#install i2c-tools (user space) for talking to I2C buses/devices
sudo apt-get install i2c-tools
#insmod the I2C-dev module to allow user space access to I2C
sudo modprobe i2c-dev
#probe I2C bus 0, the one at expansion header J8
sudo i2cdetect -y 0

The result of this last command is the possibly detected I2C devices on bus 0 (remember the 10-DOF board has 4 devices sharing the same bus). In our case we do know the I2C address of the BMP085 (0x77), so we can talk to it directly.

Since I know the calibration parameters of my device (see AC* at first screenshot in this post) and their addresses, I can just compare to see if this is random data, or actually the BMP085 chip, being talked to from Linux running on the RK3188 of the Radxa Rock board:

Calibration parameter AC1, which for my 10-DOF board has a 2 byte value of 6746 (0x1A5A) is located at I2C registers 0xAA (MSB) and 0xAB (LSB), by reading the sensor's datasheet.

Let's dump the contents of the device at that address (the BMP085) to confirm we are talking to it:

#dump non-interactively (-y) contents of selected device (0x77)
#on given I2C bus (0) in byte read mode (b)
sudo i2cdump -y 0 0x77 b

Not really illustrating, but the result is:
     0  1  2  3  4  5  6  7  8  9  a  b  c  d  e  f    0123456789abcdef
00: 00 00 00 00 00 00 00 00 00 00 00 00 00 00 00 00    ................
10: 00 00 00 00 00 00 00 00 00 00 00 00 00 00 00 00    ................
20: 00 00 00 00 00 00 00 00 00 00 00 00 00 00 00 00    ................
30: 00 00 00 00 00 00 00 00 00 00 00 00 00 00 00 00    ................
40: 00 00 00 00 00 00 00 00 00 00 00 00 00 00 00 00    ................
50: 00 00 00 00 00 00 00 00 00 00 00 00 00 00 00 00    ................
60: 00 00 00 00 00 00 00 00 00 00 00 00 00 00 00 00    ................
70: 00 00 00 00 00 00 00 00 00 00 00 00 00 00 00 00    ................
80: a5 94 52 49 a4 27 77 a6 1e 26 1a 5a fb dd c7 bc    ??RI?'w??&?Z????
90: 7c 9e 60 2c 59 11 15 7a 00 37 80 00 d4 bd 09 80    |?`,Y??z.7?.????
a0: a5 94 52 49 a4 27 77 a6 1e 26 1a 5a fb dd c7 bc    ??RI?'w??&?Z????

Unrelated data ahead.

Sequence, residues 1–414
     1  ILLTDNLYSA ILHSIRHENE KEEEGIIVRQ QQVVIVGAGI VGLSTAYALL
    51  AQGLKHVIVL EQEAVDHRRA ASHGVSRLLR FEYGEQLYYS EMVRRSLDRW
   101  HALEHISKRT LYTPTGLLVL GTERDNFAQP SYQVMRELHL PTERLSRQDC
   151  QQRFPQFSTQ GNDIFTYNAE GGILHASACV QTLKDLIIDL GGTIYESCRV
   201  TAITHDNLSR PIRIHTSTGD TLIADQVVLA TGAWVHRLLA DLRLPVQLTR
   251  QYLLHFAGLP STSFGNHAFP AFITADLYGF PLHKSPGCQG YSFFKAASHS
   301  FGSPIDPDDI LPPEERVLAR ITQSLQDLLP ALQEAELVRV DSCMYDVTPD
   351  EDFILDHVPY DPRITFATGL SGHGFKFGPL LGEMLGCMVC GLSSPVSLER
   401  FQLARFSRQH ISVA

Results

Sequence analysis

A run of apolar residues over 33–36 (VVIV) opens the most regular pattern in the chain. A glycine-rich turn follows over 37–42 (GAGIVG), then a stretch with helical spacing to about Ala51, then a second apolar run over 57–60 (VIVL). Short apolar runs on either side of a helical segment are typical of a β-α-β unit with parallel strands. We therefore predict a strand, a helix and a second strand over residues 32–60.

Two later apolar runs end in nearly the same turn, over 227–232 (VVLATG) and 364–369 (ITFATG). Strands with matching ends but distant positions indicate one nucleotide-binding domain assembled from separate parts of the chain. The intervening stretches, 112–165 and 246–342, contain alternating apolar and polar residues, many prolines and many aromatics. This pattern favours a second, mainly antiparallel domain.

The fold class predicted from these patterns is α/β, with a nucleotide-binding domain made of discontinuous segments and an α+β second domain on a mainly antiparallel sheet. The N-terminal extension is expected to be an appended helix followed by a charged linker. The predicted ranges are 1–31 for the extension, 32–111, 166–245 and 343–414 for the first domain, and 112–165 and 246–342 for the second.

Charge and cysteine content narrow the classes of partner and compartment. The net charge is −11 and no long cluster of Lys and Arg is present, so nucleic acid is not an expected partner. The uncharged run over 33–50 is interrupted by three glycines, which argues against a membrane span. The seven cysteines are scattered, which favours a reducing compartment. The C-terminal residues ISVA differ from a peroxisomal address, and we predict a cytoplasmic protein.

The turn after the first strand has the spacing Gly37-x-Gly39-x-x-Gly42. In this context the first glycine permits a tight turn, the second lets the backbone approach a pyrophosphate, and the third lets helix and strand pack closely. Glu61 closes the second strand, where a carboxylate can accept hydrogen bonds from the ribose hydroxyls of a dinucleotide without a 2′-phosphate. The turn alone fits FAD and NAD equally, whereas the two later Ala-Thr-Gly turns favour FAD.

b0: 7c 9e 60 2c 59 11 15 7a 00 37 80 00 d4 bd 09 80    |?`,Y??z.7?.????
c0: 00 00 bc 33 00 00 00 00 00 00 00 10 00 00 00 03    ..?3.......?...?
d0: 55 01 06 00 00 00 00 00 00 00 00 00 00 00 00 00    U??.............
e0: 00 00 00 00 00 00 00 00 00 00 00 00 00 00 00 00    ................
f0: 00 00 00 00 00 00 80 00 00 00 00 00 00 00 00 00    ......?.........

And sure enough! you can find the values (1a and 5a) of this little example at the expected register addresses (0xAA and 0xAB).

RK3188 is communicating with the 10-DOF board through one I2C bus at the expansion header!

Radxa Rock meets the world of electronics!

Saturday, October 12, 2013

Doubts over Rockchip FB Vsync fix

Almost every owner of a RK3188 stick has noticed video problems, like stuttering or a lost frame every now and then, no matter its being a local file or just a small avi.

Some time ago phjanderson (from Freaktab forum) found a solution to this:

It basically eliminated a blocking condition on a function on rk_fb.c, which also happened to apparently solve the stutter problem. This was called phjanderson's Vsync fix and lots of ROMs have added this patch since.

I then set out to test it on Linux along with my framebuffer fix (see ) just to find that after a random amount of minutes after boot, there appeared a new thread called "fb-vsync" that utilized 100% of one of the 4 cores on the RK3188, regardless of the system being idle or never even opening a video.